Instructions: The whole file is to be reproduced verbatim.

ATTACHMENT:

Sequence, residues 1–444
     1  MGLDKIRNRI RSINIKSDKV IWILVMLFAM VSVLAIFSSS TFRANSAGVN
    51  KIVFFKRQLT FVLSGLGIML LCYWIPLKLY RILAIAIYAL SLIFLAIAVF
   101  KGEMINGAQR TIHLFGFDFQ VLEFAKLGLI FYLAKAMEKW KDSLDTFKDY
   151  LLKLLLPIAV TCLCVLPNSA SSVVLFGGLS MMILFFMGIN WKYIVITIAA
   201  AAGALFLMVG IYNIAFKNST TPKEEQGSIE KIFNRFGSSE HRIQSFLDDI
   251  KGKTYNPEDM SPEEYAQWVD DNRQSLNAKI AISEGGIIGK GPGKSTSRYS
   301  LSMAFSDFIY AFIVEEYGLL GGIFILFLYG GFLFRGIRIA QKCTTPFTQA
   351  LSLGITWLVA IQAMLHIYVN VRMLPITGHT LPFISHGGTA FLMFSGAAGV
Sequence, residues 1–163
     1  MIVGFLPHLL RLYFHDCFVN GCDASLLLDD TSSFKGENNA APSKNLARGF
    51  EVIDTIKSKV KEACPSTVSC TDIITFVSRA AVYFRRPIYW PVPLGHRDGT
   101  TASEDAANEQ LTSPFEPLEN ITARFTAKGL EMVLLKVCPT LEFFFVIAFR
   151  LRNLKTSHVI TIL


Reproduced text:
Sequence, residues 1–444
     1  MGLDKIRNRI RSINIKSDKV IWILVMLFAM VSVLAIFSSS TFRANSAGVN
    51  KIVFFKRQLT FVLSGLGIML LCYWIPLKLY RILAIAIYAL SLIFLAIAVF
   101  KGEMINGAQR TIHLFGFDFQ VLEFAKLGLI FYLAKAMEKW KDSLDTFKDY
   151  LLKLLLPIAV TCLCVLPNSA SSVVLFGGLS MMILFFMGIN WKYIVITIAA
   201  AAGALFLMVG IYNIAFKNST TPKEEQGSIE KIFNRFGSSE HRIQSFLDDI
   251  KGKTYNPEDM SPEEYAQWVD DNRQSLNAKI AISEGGIIGK GPGKSTSRYS
   301  LSMAFSDFIY AFIVEEYGLL GGIFILFLYG GFLFRGIRIA QKCTTPFTQA
   351  LSLGITWLVA IQAMLHIYVN VRMLPITGHT LPFISHGGTA FLMFSGAAGV
Sequence, residues 1–163
     1  MIVGFLPHLL RLYFHDCFVN GCDASLLLDD TSSFKGENNA APSKNLARGF
    51  EVIDTIKSKV KEACPSTVSC TDIITFVSRA AVYFRRPIYW PVPLGHRDGT
   101  TASEDAANEQ LTSPFEPLEN ITARFTAKGL EMVLLKVCPT LEFFFVIAFR
   151  LRNLKTSHVI TIL